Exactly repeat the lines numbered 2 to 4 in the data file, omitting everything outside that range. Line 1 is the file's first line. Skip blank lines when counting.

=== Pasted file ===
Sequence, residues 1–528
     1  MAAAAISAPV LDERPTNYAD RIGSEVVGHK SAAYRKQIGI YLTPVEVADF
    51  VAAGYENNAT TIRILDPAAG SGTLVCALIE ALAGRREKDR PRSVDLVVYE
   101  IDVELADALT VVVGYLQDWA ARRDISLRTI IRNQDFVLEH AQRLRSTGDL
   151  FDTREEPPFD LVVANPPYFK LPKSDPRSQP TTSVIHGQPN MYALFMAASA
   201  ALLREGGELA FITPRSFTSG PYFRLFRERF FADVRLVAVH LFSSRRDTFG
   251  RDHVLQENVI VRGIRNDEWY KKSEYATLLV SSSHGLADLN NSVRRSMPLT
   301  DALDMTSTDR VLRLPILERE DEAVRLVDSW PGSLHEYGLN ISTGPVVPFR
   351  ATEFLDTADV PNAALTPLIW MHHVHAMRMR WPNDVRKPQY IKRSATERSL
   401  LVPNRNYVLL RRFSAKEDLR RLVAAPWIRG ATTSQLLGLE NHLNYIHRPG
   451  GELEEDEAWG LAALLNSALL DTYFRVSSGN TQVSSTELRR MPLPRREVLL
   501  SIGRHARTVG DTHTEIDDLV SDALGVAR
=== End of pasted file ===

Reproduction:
     1  MAAAAISAPV LDERPTNYAD RIGSEVVGHK SAAYRKQIGI YLTPVEVADF
    51  VAAGYENNAT TIRILDPAAG SGTLVCALIE ALAGRREKDR PRSVDLVVYE
   101  IDVELADALT VVVGYLQDWA ARRDISLRTI IRNQDFVLEH AQRLRSTGDL